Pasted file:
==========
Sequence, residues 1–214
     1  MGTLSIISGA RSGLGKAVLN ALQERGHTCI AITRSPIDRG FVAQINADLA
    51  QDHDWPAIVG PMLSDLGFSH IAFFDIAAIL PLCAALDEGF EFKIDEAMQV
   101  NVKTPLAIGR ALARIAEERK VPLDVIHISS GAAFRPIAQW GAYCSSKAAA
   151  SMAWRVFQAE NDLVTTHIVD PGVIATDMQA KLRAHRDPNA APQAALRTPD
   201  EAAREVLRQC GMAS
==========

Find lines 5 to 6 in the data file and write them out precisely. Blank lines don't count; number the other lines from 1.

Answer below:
   151  SMAWRVFQAE NDLVTTHIVD PGVIATDMQA KLRAHRDPNA APQAALRTPD
   201  EAAREVLRQC GMAS